Social welfare: Sharing food in the month of fasting

Thali takes left-over food from weddings and distributes it among the needy.

Sehrish Ali August 11, 2012


Food donations and ration bags are a common sight in Ramazan. The capital, however, has some organisations who attempt to extend this to the entire year.

Zoone Hassan, an Islamabad resident, started a welfare organisation called Thali in 2009 that works all year round to donate food to the deserving.

“We take left-over food from restaurants and weddings and try and distribute as much as we can in the twin cities,” Hassan said while speaking to The Express Tribune.

“A lot of people donate but most donations are in Ramazan,” Hassan added.

Once the food comes in, Hassan and her team of volunteers individually packs the food and distributes it outside hospitals, to labourers that sit on kerbside and other locations. However, during Ramazan, they donate freshly-prepared food – rice, grams, curry and bread along with milk and juice – to about 200 people.

“This year, we’ve started serving sehri as well and are now distributing ration bags that are enough for a family of four,” Hassan said. One Thali ration bag costs Rs1,000, serves a family of 4 to 5 people for 30 days, and contains flour, four types of grams, ghee and sugar. The ration bags are distributed to families identified by volunteers.

“So much food goes to waste in restaurants that can be donated,” Hassan said.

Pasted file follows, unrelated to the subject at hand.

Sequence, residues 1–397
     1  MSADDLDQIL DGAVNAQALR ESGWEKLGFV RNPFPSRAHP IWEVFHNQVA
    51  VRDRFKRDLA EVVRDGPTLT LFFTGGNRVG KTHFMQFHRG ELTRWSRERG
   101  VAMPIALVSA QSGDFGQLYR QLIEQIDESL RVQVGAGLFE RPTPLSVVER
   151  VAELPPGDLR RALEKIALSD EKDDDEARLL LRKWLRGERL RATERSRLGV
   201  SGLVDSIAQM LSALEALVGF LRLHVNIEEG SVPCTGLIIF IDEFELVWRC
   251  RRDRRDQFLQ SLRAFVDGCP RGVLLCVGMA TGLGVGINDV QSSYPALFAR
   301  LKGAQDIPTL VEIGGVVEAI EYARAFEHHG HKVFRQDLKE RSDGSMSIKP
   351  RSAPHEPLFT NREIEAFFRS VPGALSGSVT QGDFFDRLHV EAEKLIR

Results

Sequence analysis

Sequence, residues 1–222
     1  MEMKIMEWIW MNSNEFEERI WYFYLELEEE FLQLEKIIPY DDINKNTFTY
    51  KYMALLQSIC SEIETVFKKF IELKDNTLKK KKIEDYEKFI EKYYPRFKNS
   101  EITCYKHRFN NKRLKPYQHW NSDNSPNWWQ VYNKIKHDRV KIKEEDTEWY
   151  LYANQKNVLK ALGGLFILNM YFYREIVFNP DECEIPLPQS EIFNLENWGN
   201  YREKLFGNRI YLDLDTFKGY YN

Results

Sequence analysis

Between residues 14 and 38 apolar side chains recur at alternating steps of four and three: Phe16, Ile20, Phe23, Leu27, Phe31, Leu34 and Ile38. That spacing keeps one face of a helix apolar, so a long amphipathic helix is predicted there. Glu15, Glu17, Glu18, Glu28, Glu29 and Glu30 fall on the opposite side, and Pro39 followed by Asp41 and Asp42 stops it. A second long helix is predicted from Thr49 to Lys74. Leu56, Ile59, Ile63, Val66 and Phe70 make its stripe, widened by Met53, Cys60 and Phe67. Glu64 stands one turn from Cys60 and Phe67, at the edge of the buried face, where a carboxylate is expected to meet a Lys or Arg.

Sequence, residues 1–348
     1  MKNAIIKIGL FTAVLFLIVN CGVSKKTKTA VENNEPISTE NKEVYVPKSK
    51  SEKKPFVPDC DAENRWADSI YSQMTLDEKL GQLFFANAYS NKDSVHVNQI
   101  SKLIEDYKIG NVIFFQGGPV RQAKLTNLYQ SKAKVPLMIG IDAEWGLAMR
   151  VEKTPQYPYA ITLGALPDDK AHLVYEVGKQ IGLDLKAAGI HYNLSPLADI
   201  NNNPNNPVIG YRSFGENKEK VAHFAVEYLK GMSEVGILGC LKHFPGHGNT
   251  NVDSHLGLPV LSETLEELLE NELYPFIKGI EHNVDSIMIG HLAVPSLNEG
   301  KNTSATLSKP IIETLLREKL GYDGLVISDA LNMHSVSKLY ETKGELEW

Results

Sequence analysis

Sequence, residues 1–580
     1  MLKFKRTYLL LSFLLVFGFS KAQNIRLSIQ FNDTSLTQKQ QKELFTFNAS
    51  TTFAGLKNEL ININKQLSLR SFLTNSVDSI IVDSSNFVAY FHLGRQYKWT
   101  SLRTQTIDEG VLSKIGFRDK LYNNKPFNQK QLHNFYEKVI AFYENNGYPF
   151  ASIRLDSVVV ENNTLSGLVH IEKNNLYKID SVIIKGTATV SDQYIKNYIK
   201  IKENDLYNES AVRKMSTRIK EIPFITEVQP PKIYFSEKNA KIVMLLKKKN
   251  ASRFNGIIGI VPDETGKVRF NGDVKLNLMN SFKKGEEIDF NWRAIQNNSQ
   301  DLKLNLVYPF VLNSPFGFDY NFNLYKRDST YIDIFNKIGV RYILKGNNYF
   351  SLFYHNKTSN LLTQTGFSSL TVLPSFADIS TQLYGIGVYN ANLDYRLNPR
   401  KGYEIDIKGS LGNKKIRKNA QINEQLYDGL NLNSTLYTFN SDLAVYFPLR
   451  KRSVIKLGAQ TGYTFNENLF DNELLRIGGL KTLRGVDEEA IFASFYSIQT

“Up till now, only a few restaurants such as Khiva, China Town, Dragon City, and Subway have been helping us. It would be great if other restaurants took the initiative as well,” she added.

Thali is not the only organisation offering food to the deserving. Animal Welfare Front, an organisation that seeks to help homeless animals, has also taken up the initiative of providing free Iftars during Ramazan. According to their Facebook page, their food package includes 10 kilogrammes of flour, five liters cooking oil, 5kg of grams, rice, sugar and gram flour, 2kg dates, 0.5kg tea, and 1 large bottle of Rooh Afza. The package costs Rs4,000 per family.

Besides organisations, there are also individuals trying to do their bit.  Kulsoom Parvaiz, a teacher at a private school in Islamabad, has been doing charity work on her own for years now.

“My friends and I have formed a group called the Gathering of Retired Officers Wives and we do community work on a regular basis,” Parvaiz said.

“We distribute Iftar in Islamabad and also donate to a group of lady lawyers who work for women jailed on false charges,” she said.

“Our work mainly depends on the donations from people” she added.

Published in The Express Tribune, August 11th, 2012.


Zoone Hasan | 11 years ago | Reply

Thali-an effort is the Facebook page and our website is which contains all our contact details.

Misha | 11 years ago | Reply

This is amazing. Does Thali have a Facebook page? Some forum through which we could start this in other cities?

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